When A. Slaven was growing up in rural Ohio, she didn’t identify as anything but a weirdo. “There was so little context for being a queer person in the place where I’m from,” she says. “I didn’t even think about it. I just always felt very different.” It was only when she left the sticks for college in a nearby city—and developed her first reciprocated girlcrush—that she realized there was a name for the way she felt: Queer. Suddenly life was less lonely. 

Now 33 and living in Seattle, Slaven is a librarian by day and club promoter by night. Along with her creative partner, lawyer/photographer Adrien Leavitt, she’s the brains behind #1 Must Have—a blog (named for the Sleater-Kinney song) and photozine documenting queer culture. For the last year, the two friends have been posting  color portraits of the Seattle queer community—sans captions. The point is to show how queer people of all ages live. We caught up with Slaven as she prepared for the project’s New York gallery debut, at the Leslie-Lohman Museum of Gay and Lesbian Art.

Why start a zine about queer culture?

Part of why we started doing it is that the It Gets Better Project got so popular. We don’t think that you should just suck it up in high school and wait. We wanted to represent taking charge, empowering yourself, not just waiting it out and hoping that some day we can adopt a kid and shop at Whole Foods. 

What’s your version of adopting a kid and shopping at Whole Foods?

Getting married, buying a house, creating a “normal” life (we’re just like you! zzz) isn’t the be-all end-all. We’re more interested in ways of building nontraditional friendships, relationships, and communities that aren’t based on consumption, normalness, or being legitimate in the eyes of mainstream culture.

How do you define queer?

Identifying as queer is a political statement. It encompasses not just sexual orientation, but gender-queerness — or a non-conformity to binary gender definitions. Queer is a way to reject the notion of either/or — either you’re gay or straight, a boy or girl …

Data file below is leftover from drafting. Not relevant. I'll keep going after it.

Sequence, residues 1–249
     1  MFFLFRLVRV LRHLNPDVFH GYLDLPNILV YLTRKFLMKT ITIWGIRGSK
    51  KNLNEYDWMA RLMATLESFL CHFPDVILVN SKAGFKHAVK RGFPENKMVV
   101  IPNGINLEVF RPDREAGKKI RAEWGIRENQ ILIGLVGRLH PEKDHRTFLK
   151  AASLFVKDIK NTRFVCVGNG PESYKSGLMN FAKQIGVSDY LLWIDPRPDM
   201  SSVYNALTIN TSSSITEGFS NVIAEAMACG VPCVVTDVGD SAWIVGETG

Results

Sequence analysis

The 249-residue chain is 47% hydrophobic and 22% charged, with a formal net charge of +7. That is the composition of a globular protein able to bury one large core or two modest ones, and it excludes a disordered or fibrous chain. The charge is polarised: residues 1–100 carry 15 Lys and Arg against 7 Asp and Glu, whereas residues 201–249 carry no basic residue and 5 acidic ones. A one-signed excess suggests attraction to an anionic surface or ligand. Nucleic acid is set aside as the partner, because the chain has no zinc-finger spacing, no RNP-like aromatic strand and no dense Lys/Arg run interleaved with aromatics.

How do you decide who to photograph?

We try to find people within the community that are doing interesting things, like poets, performers, rad moms, people working in social justice.

Why photos and no text? There were many instances where I found myself wanting to know more about the subjects.  

We wanted the pictures to create a narrative without adding text or explanation. There are other projects out in the world that do a good job of representing queers via text. We wanted the photos to tell the story.

Do you have a favorite portrait?

The one that stands out for me was one of our first — Gigi and Kia at the Pike Place Market. Firstly, it was so fun to be with such incredible people in such an  iconic Seattle place, just wandering around, enjoying ourselves and taking photos. They brought two suitcases and a friend as their stylist. It was ridiculous in the best possible way and it’s impossible not to feel comfortable and joyful when hanging out with those two.

You mentioned the “It Gets Better” program. Do you think #1 Must Have can have a positive impact on kids? 

Adrien has a lawyer friend who has queer kid, and they’re living in a small town in Washington, feeling isolated and alone. The mom gave her daughter a copy and she just tore through it. It was the issue where our friend Ben De La Crème was in drag, buying cereal. She showed it to her mom, all happy, saying, ‘hold on, they’re buying cereal, just like me!’”